Before ‘keep calm and carry on’ was a phrase that appeared on cushions, mugs, fridge magnets, and memes, it was a useful phrase to describe a particularly British attitude demonstrated by unflashy politicians who ignored (or should we say tried to ignore) colleagues who were looking for limelight, concentrated on what they were trying to get done and went back for more when times got rough.
And, if you can forget the over-use of what was a wartime propaganda phrase, it is still an instruction that is useful to characterise much of the prime minister’s attitude. Indeed, when she’s chosen a more dramatic tack it sometimes has not exactly gone well. Calling the election in 2017, her biggest strategic mistake, was an entirely unnecessary drama.
And as the real crunch period for Brexit approaches, KCACO (surely there’s a Whitehall acronym for this somewhere) is firmly the prime minister’s approach.
And despite the disagreements in the Tory party being ventilated every moment, Theresa May has, in public at least, little intention of overreacting – if reacting at all.
The new heat of the Tory despair and disagreements is because we are now, at last you might say, nearing at least the beginning of the end of the Brexit process.
There is less than a school term to go before the overall political deal is meant to be done. The stakes therefore are huge. And when times are anxious, the smallest thing can cause outrage or ecstasy.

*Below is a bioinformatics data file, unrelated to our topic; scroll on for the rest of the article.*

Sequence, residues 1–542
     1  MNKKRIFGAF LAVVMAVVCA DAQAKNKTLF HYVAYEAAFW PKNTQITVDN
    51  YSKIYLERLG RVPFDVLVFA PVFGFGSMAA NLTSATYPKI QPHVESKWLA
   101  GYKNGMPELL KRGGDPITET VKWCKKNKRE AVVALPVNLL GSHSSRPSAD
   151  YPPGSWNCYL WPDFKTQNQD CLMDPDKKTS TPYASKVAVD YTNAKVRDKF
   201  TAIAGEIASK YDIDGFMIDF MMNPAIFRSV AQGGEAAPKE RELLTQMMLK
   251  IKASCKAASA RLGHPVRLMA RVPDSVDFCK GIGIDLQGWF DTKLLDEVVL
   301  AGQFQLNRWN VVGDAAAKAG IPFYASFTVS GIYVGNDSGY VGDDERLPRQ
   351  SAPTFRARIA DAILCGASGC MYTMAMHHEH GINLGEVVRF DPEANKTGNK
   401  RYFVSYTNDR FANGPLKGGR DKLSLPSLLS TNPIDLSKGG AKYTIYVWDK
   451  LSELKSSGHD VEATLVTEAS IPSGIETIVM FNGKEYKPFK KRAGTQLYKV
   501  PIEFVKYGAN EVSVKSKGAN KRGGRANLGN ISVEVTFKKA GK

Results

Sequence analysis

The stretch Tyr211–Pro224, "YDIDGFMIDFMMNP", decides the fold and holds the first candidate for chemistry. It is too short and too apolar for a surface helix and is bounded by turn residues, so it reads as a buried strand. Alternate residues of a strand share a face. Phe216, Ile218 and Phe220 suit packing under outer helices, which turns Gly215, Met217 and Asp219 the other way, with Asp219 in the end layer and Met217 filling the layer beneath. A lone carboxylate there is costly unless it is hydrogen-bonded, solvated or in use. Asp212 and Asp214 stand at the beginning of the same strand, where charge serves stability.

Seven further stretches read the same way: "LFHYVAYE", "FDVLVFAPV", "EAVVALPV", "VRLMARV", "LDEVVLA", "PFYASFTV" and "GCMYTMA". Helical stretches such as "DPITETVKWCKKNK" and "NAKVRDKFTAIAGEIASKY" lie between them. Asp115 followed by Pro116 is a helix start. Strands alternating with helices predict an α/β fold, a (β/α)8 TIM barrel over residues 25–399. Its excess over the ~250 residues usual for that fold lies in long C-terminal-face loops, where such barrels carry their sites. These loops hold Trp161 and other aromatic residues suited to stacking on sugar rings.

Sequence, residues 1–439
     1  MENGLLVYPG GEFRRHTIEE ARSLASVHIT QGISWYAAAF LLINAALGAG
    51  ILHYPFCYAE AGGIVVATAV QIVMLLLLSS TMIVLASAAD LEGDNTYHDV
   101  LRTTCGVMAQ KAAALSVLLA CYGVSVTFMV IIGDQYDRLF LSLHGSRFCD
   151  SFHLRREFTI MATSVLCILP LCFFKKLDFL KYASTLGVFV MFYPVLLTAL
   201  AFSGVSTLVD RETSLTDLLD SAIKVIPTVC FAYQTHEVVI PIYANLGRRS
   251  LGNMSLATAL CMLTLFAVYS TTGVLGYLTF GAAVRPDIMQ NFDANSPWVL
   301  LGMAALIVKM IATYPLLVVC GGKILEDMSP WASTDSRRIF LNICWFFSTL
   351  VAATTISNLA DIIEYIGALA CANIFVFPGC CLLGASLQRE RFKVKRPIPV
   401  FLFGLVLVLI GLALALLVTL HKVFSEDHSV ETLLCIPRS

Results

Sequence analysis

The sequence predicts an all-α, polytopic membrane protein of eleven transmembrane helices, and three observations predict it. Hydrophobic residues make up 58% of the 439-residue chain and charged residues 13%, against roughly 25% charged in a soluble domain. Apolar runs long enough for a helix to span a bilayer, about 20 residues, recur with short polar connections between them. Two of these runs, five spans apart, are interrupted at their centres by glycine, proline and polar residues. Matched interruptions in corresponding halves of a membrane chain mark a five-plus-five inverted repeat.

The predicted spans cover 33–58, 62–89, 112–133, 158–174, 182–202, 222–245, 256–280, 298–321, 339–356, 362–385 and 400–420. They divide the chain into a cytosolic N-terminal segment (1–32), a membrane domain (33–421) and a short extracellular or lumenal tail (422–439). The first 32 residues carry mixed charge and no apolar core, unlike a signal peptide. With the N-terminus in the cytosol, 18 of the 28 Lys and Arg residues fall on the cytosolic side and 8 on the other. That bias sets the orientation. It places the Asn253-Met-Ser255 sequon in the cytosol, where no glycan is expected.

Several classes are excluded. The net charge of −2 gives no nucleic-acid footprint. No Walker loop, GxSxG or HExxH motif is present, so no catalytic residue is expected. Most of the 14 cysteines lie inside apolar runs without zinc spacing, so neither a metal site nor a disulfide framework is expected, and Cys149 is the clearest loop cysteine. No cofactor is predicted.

So in this kind of political atmosphere, every word, every warning, every stray comment, every indiscretion can send people screaming to slam the panic button.
Inside government the plan is to keep going, take the knocks, carry on, however strong the resistance is, and to make a more determined effort to try to persuade people of the merits of their proposal.
There is frustration inside government that the prime minister hasn’t made more effort to expound the benefits of the Chequers approach. She did, after all, make chunky speeches on previous occasions when there were big developments in the government’s thinking. Not this time.
But in the frenetic run-up to the Tory conference, government ministers will be despatched around the country to at least try to get Tory Party members on side.
But the calculation inside government is, as it has been throughout this very bumpy road, that in the end, there will be a Brexit deal and that a majority of MPs will be too alarmed at the prospect of no deal with the EU, which would mean no two year period of getting used to it, to do more than flirt with the notion of voting it down.
In the end therefore, the government’s assumption is that a deal would go through because of old-fashioned common sense.
Here’s the thing – politics is not always governed by common sense. People are also motivated by conviction, by ideology, by identity, by emotion, and a different kind of common sense.
To many Tories in government it is common sense to try to stay as close to the EU as possible to try to minimise disruption. To many others, that’s simply the wrong way to look at Brexit.
And those Conservatives who want looser ties are very serious about what they are trying to do which is no less than force her to change tack.
Theresa May is trying very hard to KCACO. She’s showing no sign of budging – perhaps her deal will acquire a sense of inevitability. But despite warmer words from Brussels, at home with no majority Theresa May won’t have the luxury of ignoring her critics forever.